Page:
It has been said that the greatest leader is one who “knows the way, goes the way, and shows the way” – and Cayman is no exception in captive insurance. With over 40 years’ experience under its belt in captive formation, operation, and regulation, this jurisdiction has proven that it is more than capable of being the world’s leading captive insurance domicile.
It is no surprise then, why leading financial institutions, Fortune 500 companies, and private and public businesses from across the globe continue to choose Cayman.
Captives: a history
So where did it all start?
To answer that, we need to travel back in time to the 1970s; a tumultuous decade of political movement, economic upheaval – and the insurance availability crisis.
For years, liability insurance payouts in the US had risen alarmingly so; tenfold in some cases. In 1976 a breaking point was reached. Several major insurers withdrew, leaving physicians inadequately covered and threatening to strike.
Concerned over the coverage of its physicians, Harvard Medical Institutions decided to take matters in its own hands, and formed the offshore captive insurance company, Controlled Risk Insurance Company Ltd (CRICO).
Harvard’s first instinct was to approach Bermuda, since the institution had a healthy appreciation of the domicile’s captive management. Feelings were not mutual however, as Bermuda turned down CRICO, causing the insurer to turn elsewhere; straight into the welcoming, open arms of the Cayman Islands.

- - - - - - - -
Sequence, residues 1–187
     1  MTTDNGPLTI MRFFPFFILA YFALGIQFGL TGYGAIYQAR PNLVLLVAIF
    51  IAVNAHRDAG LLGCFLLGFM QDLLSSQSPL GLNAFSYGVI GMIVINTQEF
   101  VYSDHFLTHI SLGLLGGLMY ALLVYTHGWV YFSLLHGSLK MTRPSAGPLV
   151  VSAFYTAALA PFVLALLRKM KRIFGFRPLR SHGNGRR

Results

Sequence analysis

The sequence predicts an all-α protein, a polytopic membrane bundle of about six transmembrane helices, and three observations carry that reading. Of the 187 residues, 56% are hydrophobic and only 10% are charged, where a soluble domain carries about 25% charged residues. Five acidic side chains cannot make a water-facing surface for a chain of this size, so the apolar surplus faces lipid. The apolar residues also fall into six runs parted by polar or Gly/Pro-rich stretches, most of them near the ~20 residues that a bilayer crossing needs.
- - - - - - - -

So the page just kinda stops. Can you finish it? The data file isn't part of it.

Word spread. The sentiment, ‘if it’s good enough for Harvard, then it’s good enough for us’ caused more and more organisations to quickly follow suit. Cayman was officially the new domicile in captive insurance.
Three years later, Cayman introduced its own captive legislation. Soon after, Reiss Organization set up a group captive for captive owners in the domicile. By 1987, Cayman had risen to become the 2nd largest domicile in the industry.
The rest, as they say, is history.
Clearly better business
Cayman’s business-friendly environment is teeming with opportunity. Thanks to its highly developed professional services industry, there is a wealth of skilled lawyers, auditors, actuaries, and investment service providers.
Naturally, this industry attracts a global client base of major international companies – all of the ‘Big 4’ accounting institutions are present, and 40 of the world’s top 50 banks hold licenses here.
Like any other industry, captive insurance requires a combination of intelligent and innovative guidance. Cayman understands this, and takes the view that appropriate regulation and international cooperation are the key drivers of commercial success, rather than an impediment to it.
The jurisdiction boasts a sound regulatory model which caters to sophisticated institutional or high net worth investors. The model recognises that fund managers trading in the EU or US on behalf of a Cayman fund will be subject to local regulation in the jurisdiction of investment. Therefore, local legislation demands strict adherence to international standards; taking a tough stance against tax evasion, corruption, and money-laundering.
The regulator, Cayman Islands Monetary Authority (CIMA), ensures it remains one step ahead of the game by keeping up with emerging risks and other developments in the global insurance sector. It is a member of the International Organisation Securities Commission (IOSCO), which grants full regulator-to-regulator transparency. CIMA has also adopted and applied Basel Core Principles for banking, IAIS principles for insurance, IOSCO principles for securities and investments, and OECD principles for corporate governance.
As far as transparency goes, Cayman has historically gone above and beyond the call of duty in its mission to combat global financial crime. In 1998, the jurisdiction was amongst the first in the world to criminalise money-laundering on all serious crimes by virtue of the Proceeds of Crime Law.